I've discussed Luke in these pages before. He's a kid very much like my son; handsome, busy, charming, rascally. The two boys match each other's energy - a phenomenon fortunate or catastrophic, depending on the day.

Yesterday, I urged the boys to play outside while the girls designed Ryder's Halloween costume. The girls sat, shiny brown head to shiny brown head, absently chomping pear while they studied their drawing, wondering just what a snow bride would wear. Snow bride? Snow bride.

The boys, meanwhile, circled the house, waving sticks at each other and the occasional passing buck. I would hand a banana or a bottle of water out the front door from time to time but mostly let them be. The lunch dishes were washed and dinner was underway when Mihiretu burst in the front door.

"Luke!" he said, gasping for breath. "Play pano! 'Tole money!"

Luke skidded in behind him. "It was Mihiretu's idea!" he shouted. "He's the one that played the piano!"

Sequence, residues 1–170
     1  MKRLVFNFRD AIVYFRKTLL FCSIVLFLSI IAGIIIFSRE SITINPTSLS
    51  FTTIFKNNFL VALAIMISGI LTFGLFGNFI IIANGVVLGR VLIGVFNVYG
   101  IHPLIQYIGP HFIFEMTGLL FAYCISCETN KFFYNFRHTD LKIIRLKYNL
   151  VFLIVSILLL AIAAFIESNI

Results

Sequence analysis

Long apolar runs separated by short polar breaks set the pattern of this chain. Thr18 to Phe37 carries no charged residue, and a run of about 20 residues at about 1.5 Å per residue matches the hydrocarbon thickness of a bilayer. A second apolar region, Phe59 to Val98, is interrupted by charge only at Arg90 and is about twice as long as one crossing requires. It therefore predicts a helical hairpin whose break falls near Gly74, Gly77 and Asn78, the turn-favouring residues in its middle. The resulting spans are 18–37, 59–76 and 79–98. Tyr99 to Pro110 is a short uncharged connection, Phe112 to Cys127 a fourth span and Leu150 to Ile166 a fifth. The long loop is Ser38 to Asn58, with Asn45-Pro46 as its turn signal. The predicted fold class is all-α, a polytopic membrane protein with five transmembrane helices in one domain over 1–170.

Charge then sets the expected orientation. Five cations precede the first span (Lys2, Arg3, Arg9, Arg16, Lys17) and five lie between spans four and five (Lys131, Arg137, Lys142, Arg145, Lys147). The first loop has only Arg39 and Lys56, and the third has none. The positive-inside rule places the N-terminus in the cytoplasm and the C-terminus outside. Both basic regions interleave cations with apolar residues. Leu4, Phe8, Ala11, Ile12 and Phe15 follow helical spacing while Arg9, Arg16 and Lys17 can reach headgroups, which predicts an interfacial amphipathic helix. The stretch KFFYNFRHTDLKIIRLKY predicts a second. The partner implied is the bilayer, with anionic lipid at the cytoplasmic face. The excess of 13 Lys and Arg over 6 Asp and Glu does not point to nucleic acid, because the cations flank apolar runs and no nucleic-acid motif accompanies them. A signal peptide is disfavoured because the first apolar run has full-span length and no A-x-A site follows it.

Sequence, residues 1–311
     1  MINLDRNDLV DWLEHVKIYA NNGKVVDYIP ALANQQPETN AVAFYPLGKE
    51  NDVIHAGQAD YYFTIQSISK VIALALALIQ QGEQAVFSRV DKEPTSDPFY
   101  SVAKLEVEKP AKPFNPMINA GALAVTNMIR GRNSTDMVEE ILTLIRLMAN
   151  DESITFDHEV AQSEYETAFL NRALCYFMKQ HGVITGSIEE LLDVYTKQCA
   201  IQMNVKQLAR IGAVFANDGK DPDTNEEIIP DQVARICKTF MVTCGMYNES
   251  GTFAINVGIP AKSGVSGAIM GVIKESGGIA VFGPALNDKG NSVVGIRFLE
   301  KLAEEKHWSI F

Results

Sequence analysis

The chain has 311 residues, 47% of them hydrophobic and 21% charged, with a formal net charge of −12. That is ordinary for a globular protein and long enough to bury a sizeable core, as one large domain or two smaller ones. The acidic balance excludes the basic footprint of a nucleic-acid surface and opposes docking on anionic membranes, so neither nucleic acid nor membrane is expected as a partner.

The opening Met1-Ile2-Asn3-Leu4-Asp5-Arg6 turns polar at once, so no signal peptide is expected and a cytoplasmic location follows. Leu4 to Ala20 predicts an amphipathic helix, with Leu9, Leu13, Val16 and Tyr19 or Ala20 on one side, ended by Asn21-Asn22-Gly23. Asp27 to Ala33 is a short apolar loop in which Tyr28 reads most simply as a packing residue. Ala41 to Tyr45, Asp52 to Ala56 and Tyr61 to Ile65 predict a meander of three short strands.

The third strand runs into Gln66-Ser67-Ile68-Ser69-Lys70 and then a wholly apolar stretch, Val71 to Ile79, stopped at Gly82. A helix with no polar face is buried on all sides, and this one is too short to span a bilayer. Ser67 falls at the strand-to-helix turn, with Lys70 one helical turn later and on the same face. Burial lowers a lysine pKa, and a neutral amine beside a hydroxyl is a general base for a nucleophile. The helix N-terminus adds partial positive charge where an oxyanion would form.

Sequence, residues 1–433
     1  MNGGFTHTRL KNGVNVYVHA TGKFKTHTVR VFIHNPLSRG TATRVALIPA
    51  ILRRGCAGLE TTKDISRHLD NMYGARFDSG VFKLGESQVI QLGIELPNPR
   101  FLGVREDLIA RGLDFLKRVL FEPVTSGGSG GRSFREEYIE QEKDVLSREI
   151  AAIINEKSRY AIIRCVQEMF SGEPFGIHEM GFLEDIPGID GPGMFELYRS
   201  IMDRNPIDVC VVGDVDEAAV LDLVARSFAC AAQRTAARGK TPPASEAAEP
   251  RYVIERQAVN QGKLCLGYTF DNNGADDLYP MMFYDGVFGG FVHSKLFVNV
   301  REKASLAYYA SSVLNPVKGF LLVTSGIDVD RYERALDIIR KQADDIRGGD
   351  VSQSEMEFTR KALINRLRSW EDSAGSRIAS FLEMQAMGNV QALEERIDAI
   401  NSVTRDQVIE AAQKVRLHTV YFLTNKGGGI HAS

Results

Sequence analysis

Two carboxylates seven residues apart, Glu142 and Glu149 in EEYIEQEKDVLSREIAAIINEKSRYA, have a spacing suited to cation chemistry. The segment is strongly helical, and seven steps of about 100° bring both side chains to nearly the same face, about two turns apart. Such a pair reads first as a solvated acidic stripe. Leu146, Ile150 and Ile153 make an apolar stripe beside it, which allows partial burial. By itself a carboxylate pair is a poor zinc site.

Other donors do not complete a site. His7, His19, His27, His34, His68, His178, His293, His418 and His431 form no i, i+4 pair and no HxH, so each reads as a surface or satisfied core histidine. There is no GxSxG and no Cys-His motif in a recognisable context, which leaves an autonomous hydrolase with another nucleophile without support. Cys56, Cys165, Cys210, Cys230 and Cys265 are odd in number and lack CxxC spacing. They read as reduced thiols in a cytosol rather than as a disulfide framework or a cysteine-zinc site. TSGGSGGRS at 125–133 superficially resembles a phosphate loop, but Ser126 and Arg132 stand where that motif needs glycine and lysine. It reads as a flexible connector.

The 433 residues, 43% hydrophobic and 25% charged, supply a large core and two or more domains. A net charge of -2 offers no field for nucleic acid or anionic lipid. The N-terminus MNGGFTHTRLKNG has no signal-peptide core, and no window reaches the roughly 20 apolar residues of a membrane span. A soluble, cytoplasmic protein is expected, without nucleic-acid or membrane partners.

Slowly I gathered that the boys had entered the apartment downstairs, the apartment we rent out, the apartment for which we have a signed agreement not to enter without 48 hours notice.

"You played their piano?" I asked, my eyebrows reaching for my hairline, "You stole MONEY?"

Each boy pointed at the other. I ran outside and down the stairs. Indeed, the apartment door was open. Oh my god.

Unable to find evidence of stolen money (for Mihiretu a penny is big money so it could have been minor) and otherwise assessing our tenant's home to be intact, I eased the door closed and pulled them back upstairs.

Admonished and re-bananaed, they headed off again.

By now the costume design was done. I looked it over, made a few suggestions and got to work on a pattern. As we cut shiny blue fabric, stitched and fit Ryder, the boys came in intermittently. Each time, I hustled them back outside. If you don't want Mihiretu inside on a sunny afternoon, you REALLY don't want Mihiretu and Luke together penned by walls and delicate furniture.

Soon I sent the girls outside to occupy the boys while I finished the dress. Within a moment, they were back, breathless.

"They're on the neighbor's roof!" Mae gasped.

I ran out onto the back deck and, following the arc of Mae's accusatory finger, saw two boys, one blond, one curly brunet, balanced below on the Mexican tiled roof of the house downslope.